A range of ranges

September 28, 2012
European medieval print showing disarming techniques

European disarming techniques

Recently, I’ve been working on grappling techniques with the sword. This might seem like an odd thing to do – after all, you’re holding a three-foot knife, why are you grabbing your opponent? There might be quite a few answers (you’d rather not kill them, for example), but the simplest is that they’re just too close to do anything else.

There are four basic ranges in kenjutsu: thrusting range, cutting range, striking range, and grappling range.

In the first, you’re too far away to hit with anything other than a step and a tsuki, or extended thrust with the sword. While it’s certainly possible to hit with this, it only works if your opponent is disabled or seriously distracted – crossing that much distance gives him a lot of time to parry or evade.

The second range is what most people normally think of as “swordfighting range”. This is surprisingly close with a katana – if I can cut you effectively, I can just about punch you as well. In a “typical swordfight”, if such a thing existed, the combatants are darting in and out of this range. They try to just “ride the edge” so as to be close enough to move in and cut if the opportunity presents itself, while not being close enough to be cut themselves.

The third range is striking range. This happens when both people step forward at once, or when the swords engage and someone moves in. One doesn’t normally punch and kick (at least, not the extended tae kwon do-style kicks that people think of martial artists as doing) with a sword, because it puts the striking limbs in too much danger. Instead, low kicks (like a soccer kick to the shin or ankle), elbows and knees, shoulder strikes, and strikes with the tsuba, tsuka, and ha. Note that striking with the ha is different from cutting – normally, you do it with your off hand on the spine of the blade, and it’s a sharp pushing motion rather than a slash.

In the closest range, there’s nothing you can do but grapple. If, for example, my sword ends up behind your back (while the rest of me is in front of you!), I really can’t cut you effectively, and my striking options are severely limited. This might happen because you moved inside my cut, but then failed to counter effectively, leaving us body-to-body. At this point, if I simply step away, I’m likely to get cut. I need to use my body structure, my root, and my weight to disrupt you, before you do the same to me.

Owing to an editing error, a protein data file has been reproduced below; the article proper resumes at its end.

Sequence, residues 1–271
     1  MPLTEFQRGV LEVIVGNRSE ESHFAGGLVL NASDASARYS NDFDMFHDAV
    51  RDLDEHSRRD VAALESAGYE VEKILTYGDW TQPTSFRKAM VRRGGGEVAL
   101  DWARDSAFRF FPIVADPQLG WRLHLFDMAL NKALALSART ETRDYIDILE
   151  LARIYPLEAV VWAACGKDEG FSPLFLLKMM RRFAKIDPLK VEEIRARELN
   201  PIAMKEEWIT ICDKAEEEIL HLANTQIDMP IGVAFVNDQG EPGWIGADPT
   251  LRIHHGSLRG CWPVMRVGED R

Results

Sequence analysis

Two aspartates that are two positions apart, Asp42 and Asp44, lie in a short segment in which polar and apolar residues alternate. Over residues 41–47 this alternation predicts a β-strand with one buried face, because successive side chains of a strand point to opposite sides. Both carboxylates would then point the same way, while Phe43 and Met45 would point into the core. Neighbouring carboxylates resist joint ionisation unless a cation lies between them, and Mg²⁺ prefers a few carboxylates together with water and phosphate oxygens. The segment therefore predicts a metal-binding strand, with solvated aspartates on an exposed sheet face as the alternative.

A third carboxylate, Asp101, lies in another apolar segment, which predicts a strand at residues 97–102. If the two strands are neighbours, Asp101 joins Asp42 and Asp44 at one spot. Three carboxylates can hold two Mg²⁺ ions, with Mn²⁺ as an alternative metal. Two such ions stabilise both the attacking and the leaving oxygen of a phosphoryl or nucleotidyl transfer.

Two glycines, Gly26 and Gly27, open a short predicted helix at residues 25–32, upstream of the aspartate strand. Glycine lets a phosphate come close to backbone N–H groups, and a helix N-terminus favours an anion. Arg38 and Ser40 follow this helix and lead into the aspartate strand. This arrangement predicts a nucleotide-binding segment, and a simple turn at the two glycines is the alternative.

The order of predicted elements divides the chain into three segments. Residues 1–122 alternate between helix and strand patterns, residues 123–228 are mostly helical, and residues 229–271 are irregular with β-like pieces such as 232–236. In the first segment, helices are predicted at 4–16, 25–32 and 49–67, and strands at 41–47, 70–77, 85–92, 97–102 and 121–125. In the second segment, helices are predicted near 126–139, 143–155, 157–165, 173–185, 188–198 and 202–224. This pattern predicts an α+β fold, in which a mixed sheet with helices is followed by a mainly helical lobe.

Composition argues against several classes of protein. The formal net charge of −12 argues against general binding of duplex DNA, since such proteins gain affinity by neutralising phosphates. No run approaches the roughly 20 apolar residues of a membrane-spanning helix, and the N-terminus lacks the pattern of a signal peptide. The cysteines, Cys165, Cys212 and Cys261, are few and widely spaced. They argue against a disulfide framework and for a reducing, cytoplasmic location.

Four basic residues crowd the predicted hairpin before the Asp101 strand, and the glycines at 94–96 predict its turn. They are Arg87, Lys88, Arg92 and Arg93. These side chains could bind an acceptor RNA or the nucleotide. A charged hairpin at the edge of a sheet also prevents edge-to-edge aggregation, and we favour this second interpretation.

Obviously, one needs to learn to fight in all the ranges in order to be an effective combatant. The critical thing, though, is being able to transition from one to the next without having to “throw a switch” and change tactics. Your parried tsuki can circle directly into a kiriage (rising cut) as you step in (or your target does); when that fails to penetrate his armor, it can reverse course and become a tsuba strike while you draw his intent down with a low kick. One step through and behind him with the inside leg turns into a reaping step, using your tsuka (with your off hand reinforcing it) for leverage on his neck. All of this can be done as a single continuous movement (Musashi’s “one cut“), starting from outside combat range and ending with your opponent on the ground, your foot on his chest, and your blade at his throat.



  1. If you end up with your sword behind your opponent’s back you could always pull your tanto (or knife) and drive it into him either on the side or behind him. Of course, that would go against the whole “not wanting to kill him” thing.

    Good article on grappling as an adjunct skill. Most fighters (myself included, embarrassingly enough) tend to focus on one range of combat and would find themselves beyond their depth if they were taken out of it.

    • That’s true, assuming that 1) you have a tanto, 2) it’s not trapped beneath the opponent’s body, and 3) you can get to it. Have you ever tried pulling a knife while grappling? It’s really quite difficult most of the time, and unless you’ve put a lot of practice into drawing the tanto quickly without looking at it you’re going to have trouble.

      I’m not saying that’s not a good answer if you can pull it off, just that it doesn’t negate the need to be able to fight in that range, at least long enough to clear a weapon and use it. There are actually all sorts of fun things (well, fun for me, anyway) that you can do when you’re grappling with a sword – for example, if my sword is behind your back and my arms are around you (let’s say you charged in and grabbed me around the chest), I can drive the point of my sword down between your feet and lever sideways. Ideally, this would hamstring you, but at the least it’s going to mess up your structure and probably make you want to get the hell away from me.

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